The cut-throat growth strategy you can learn from Etsy

Faye Graham
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March 13, 2020

Looking at the powerhouse platform it is today, most people probably wouldn’t be aware of Etsy’s rocky beginnings.

From humble beginnings in a Brooklyn apartment, to becoming the most well-known online intermediary for artists, crafters and vintage collectors worth $4.86 billion. Etsy is much more than just an online marketplace.

So what’s their secret to success?

Back in 2005, ecommerce sites like Ebay were in full swing, but fees were high and the generic process was off-putting for sellers. Nothing currently existed for independent artists and makers.


Noticing a gap in the market, Etsy’s founders Rob Kalin, Chris Maguire, Haim Schoppik and Jared Tarbell saw an opportunity to build their own platform - a more economically friendly way for creatives to sell their work. Appealing to a niche market, this was their chance to connect with and empower creative independents, and they ran with it.


But after years in the making, it was all nearly gone in the blink of an eye. Haemorrhaging money, ‘Etsy Studio’ found itself having to lay off staff, and subsequently ground to halt.


So how did they make such a strong comeback, and what led to the Etsy we see nowadays?


Knowing the right times to change, adapt, and drop things was key to their success. What set them apart is that they knew the importance of when to kill products. There was no flogging a dead horse here, they recognised early that if something isn’t working, you must kill it. And when Etsy wasn’t resonating, they acted.

For a start-up, this drastic approach can seem terrifying, but Etsy persevered.

They didn’t drop their concept, but instead channelled their efforts into their existing product – fine-tuning it to make the Etsy platform easier to use, more streamlined and accessible when it came to customers finding what they needed.

And herein lies the pay off.

By honing in on what they do best, rather than trying to develop into less relevant areas, Etsy have been steadily accelerating for the past five quarters since.

Upholding a growth mindset set them up to spot trends and leverage communities. They began to see changing patterns in the way people were shopping, and before long they were soon dominating the mobile sphere of retail too, by introducing a mobile app for sellers.

Armed with a start-up mentality, a strong ethos (to champion small businesses) and an unfaltering company culture, Etsy were active in making life better for business and for their sellers.


They are a shining example of how companies must adapt to the start-up mindset, not only to survive, but to thrive.


Jolt. Teaching start up business.

So why do so few of us have creative breaks?

Because almost everything will work again if you unplug it for a few minutes. Including you.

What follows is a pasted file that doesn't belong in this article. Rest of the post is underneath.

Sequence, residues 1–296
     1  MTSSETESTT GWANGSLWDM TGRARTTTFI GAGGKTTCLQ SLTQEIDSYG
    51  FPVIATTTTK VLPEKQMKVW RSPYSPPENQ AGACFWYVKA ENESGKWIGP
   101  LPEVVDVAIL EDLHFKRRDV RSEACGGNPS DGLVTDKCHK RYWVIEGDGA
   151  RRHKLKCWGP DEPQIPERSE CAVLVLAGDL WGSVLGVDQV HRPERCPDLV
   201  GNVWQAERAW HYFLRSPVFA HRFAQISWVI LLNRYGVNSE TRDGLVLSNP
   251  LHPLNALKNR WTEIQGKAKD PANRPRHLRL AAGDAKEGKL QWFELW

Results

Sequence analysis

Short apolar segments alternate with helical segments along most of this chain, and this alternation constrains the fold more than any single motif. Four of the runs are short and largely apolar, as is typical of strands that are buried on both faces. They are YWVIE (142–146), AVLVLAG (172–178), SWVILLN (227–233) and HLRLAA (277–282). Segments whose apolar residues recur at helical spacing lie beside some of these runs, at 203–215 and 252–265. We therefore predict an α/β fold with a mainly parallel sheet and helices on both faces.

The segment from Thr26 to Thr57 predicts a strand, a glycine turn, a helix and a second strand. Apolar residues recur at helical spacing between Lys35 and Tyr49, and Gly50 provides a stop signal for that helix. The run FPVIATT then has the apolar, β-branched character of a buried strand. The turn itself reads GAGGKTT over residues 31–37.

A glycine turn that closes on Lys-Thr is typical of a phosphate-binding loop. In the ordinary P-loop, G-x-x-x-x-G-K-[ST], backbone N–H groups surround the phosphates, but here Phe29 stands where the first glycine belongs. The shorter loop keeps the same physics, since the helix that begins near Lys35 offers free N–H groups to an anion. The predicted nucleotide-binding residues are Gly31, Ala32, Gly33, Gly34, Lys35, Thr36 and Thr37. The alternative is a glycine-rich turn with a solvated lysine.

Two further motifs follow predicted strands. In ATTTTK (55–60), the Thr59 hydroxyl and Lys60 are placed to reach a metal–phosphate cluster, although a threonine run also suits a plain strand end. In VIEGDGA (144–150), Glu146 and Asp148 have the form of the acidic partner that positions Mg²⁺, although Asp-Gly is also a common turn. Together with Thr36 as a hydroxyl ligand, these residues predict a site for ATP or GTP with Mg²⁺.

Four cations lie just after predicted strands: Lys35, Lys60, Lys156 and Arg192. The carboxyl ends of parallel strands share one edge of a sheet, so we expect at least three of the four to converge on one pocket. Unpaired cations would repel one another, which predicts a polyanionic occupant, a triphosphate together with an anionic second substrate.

Charles Darwin took long walks around London. Kurt Vonnegut made listening to jazz a daily priority. Fiona Apple disappeared for 6 years after the release of her third album.

So why do so few of us have creative breaks?
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I ask because I can often be found agonising over the "more". If only I posted on Instagram more, I'll think in the bath. I'd have more followers if I pitched to more publications. I need to post 2 more times a week, minimum. I could go on...

Between you and me, I've got frustrated with myself for browsing Facebook or watching too much TV more times than I can remember.

And I'm not alone. So many of us are terrified of taking a break, creatively speaking. We won't let a moment pass without listening to a podcast, consuming an article or sharing something.

The cognitive load is real, y'all.

But like Vitamin D, sleep and good food, it's not only ok to take a break, it's essential.

Living a successful life is also about knowing when not to work. For your best output, you need to focus on your input, too.

The world won't end if you disappear from the internet for a week or so. Your creativity won't suddenly stop. Your time is now, but your time was also then and it will be again.

Your dreams don't have an expiration date.

Many of us confuse being "busy" with being constructive. But you can only do your best work by taking breaks.

And science backs it up, too. The brain requires substantial downtime to do its most innovative thinking. The ideas you have while driving or in the shower aren't coincidental. They're a result of you taking a step back, whether you're aware of it or not.

Here's a challenge for you

Let yourself take a wonderful and indulgent break. Several breaks. Hell, get downright bored.

Put airplane mode on for a while. Sit down. Lie down. Be still. Do nothing. Observe. Listen to your mind. Let it do what it does without judging it.

Wallow in it. Don't be afraid of it. Push it as far as you can.

When you leave your laptop behind, something always happens. A new idea or a fresh perspective appears.

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"A spark of inspiration needs an empty cave."

Take proper breaks, often. Completely clear your mind. Your next best idea depends on it.

Could you get to the top 1% of your industry?

Empower your team to go and shine.